Tuomas Merikosi describes the Aalto wearer as, “A real strong woman living between subculture fantasy and inclusive reality of everyday life.” To match the dimensional characteristics of this woman, Merikosi’s Fall ’17 collection entitled ‘Paradise Lost’ put an emphasis on harmonizing differing society values through time, looking specifically at the energy of the punk movement and the classicism of the future. Pieces could have been plucked from cult science fiction films with elements like spliced hoods, dangling suspenders, belted pant legs, fur corsets and arm padding, and cut blazers.
In his second season as a Swarovski Collective designer, Merikosi patched graphic crystal “brooches” on a double-breasted jacket, providing a futuristic edge when matched with colorblock patchwork pants. Elegant Pavé balls, stones, and beads were embellished onto the intricate collars of edgy garments and unexpected soft, fuzzy sweaters were treated to artisanal crystal adornments spelling out the collection’s inspiration.
Across the city, located at the historic Folies Bergère, the century’s old opera house was an appropriate space to present Christelle Kocher’s aristocratic Fall ’17 collection. Always streetwear savvy, the designer of course included track suits and denim, but this time around Kocher brought a more mature, elevated feel to her looks. This was portrayed through the rich textiles she adopted, including velvet and satin,6666666 as well as her sovereign color choices of maroon, jade, rust, cerulean, crimson, and amethyst. Both the men’s and womenswear pieces were multi-dimensional, blending high society style with urban elements. Rugby shirts were cut into bias dresses or paired with ruffled satin skirts, matching jackets and sweatpants were patched together with lustrous velvet, deconstructed blazers became halter tops, and elegant dresses were finished with elasticized hems. To dignify the collection further, Kocher collaborated with Swarovski, adding beads, buttons, and pendants on numerous garments for a total of 434,000 Swarovski crystals.
For Anne Sofie Madsen, a more cryptic sense of inspiration prevailed. The second season Swarovski Collective designer looked to the unknown, seeking a space between “an unmemorable past and an unimaginable future.” Futuristic and industrial elements of outdated shapes with welded crystal chain necklaces, bracelets, and embellishments lent to a mechanical atmosphere. Madsen spoke to the incorporation of Swarovski crystals, sharing, “Both their dynamic forming process and aesthetic details combined create a historic yet futuristic feel which creates such a lovely juxtaposition for me to work with.” Shredded hems, lattice details, brocade fabrics, and quilted pieces styled with clear goggles and newspaper printed shoes all seemed at peace in Madsen’s obscure world.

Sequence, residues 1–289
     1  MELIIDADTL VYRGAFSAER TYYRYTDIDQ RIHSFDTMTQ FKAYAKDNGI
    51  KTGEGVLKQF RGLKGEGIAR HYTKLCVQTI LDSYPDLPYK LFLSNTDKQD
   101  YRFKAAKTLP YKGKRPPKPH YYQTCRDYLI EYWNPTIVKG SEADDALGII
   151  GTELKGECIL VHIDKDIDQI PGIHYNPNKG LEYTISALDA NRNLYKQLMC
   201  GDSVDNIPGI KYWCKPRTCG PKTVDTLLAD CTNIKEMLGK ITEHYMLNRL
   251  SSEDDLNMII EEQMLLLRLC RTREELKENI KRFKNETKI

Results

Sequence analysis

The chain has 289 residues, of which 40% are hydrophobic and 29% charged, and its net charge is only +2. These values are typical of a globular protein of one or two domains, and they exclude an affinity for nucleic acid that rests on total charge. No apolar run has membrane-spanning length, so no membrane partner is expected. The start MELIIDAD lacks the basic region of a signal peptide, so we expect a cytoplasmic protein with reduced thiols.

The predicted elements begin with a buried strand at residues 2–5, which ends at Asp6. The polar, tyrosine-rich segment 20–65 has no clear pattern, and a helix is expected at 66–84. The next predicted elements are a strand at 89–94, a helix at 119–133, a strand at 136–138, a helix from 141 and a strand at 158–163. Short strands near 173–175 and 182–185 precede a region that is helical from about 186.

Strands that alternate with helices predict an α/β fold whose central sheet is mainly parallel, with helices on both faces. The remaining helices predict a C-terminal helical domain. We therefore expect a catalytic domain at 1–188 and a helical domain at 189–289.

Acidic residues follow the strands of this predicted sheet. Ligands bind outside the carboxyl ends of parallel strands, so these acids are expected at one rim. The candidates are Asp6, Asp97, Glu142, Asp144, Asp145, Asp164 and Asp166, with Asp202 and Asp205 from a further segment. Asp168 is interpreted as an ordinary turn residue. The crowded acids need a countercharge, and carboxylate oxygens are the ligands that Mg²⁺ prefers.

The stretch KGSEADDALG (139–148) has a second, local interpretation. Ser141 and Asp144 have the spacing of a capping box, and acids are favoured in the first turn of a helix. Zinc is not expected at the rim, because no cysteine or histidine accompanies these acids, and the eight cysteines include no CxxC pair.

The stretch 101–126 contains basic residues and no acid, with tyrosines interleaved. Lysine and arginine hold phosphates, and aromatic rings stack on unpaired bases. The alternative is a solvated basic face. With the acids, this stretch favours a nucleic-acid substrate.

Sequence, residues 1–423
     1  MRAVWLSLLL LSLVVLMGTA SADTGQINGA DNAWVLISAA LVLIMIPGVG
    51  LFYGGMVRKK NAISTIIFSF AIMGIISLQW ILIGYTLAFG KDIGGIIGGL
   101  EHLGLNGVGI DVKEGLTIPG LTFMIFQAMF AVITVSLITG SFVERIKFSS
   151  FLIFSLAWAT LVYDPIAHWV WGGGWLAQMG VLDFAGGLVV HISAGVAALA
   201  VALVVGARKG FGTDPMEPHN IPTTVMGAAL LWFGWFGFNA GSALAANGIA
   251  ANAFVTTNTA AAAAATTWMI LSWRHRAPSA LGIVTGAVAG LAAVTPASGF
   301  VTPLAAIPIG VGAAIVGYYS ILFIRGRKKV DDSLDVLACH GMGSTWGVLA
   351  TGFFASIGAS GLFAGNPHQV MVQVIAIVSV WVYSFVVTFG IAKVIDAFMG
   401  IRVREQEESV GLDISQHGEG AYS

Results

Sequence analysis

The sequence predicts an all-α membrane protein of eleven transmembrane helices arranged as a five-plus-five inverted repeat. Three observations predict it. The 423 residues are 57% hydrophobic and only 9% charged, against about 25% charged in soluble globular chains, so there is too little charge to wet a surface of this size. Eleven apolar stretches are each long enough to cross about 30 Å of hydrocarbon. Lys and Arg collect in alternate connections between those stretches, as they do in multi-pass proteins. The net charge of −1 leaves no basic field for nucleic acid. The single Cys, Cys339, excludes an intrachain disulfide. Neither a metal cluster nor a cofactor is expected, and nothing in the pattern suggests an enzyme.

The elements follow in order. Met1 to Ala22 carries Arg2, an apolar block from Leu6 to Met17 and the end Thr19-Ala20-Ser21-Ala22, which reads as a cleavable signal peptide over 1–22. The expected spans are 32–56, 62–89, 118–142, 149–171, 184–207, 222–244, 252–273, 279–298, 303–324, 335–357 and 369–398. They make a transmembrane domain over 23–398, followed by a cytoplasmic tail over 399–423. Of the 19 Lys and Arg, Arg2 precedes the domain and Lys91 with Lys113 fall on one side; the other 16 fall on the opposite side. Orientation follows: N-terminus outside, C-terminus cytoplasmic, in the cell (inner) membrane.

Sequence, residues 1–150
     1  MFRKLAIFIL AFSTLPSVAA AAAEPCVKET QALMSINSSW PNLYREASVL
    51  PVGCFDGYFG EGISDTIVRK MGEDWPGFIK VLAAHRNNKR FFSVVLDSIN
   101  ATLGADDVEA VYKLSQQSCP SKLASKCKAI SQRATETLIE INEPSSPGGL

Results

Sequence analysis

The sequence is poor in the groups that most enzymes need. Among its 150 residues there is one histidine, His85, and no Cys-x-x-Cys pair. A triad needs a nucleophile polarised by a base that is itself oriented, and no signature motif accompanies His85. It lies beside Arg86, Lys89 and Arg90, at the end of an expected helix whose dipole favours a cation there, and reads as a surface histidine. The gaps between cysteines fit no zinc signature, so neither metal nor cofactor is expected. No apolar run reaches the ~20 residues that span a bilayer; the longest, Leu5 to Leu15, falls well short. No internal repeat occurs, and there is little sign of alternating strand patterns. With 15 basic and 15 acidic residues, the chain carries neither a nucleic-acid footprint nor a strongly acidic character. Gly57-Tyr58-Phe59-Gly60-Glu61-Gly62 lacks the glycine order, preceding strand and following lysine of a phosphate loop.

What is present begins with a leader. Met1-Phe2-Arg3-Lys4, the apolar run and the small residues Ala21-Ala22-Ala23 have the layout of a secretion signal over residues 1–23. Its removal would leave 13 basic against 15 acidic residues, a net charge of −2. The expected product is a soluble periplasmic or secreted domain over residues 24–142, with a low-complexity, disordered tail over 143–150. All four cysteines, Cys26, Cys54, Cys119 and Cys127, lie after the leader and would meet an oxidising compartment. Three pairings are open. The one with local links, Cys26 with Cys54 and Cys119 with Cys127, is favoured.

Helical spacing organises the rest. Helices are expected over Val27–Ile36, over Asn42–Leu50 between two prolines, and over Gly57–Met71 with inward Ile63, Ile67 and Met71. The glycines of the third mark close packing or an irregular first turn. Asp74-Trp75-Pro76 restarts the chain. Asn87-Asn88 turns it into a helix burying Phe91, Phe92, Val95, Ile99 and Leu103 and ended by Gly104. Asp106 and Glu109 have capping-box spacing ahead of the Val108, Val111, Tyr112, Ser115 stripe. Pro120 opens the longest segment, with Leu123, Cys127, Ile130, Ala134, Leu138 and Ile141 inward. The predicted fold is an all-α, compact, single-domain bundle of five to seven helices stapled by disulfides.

Wanda Nylon was the last Swarovski Collective designer to present at Paris Fashion Week with a collection of fabulous and dynamic looks. An ode to powerful women, Nylon referenced disco style by playing with volume and electrifying fabrics. Coats, whether long and tailored with a mix of pelt collars and patent leather or fully fur styles both chubby and vibrant, were 70’s in inspiration yet modern in design. Colorful striped and checkered knits were ripped for a contemporary edge and many looks were cinched or tied at the waist, surely a nod to the groovy era. Syke’s incorporated Swarovski crystals in intriguing ways, seen on the zippers of a coat with removable sleeves and a skirt with modular panels, as well as embroidered crystal threads woven into knits.
It’s been a triumphant four weeks of crystal studded collections from talented Swarovski Collective designers and collaborators alike filled with radiant and resourceful design ideas. In supporting the evolution of talent and the ideas that extend from it, the fashion microcosm will continue to thrive, paving the way for designers to come.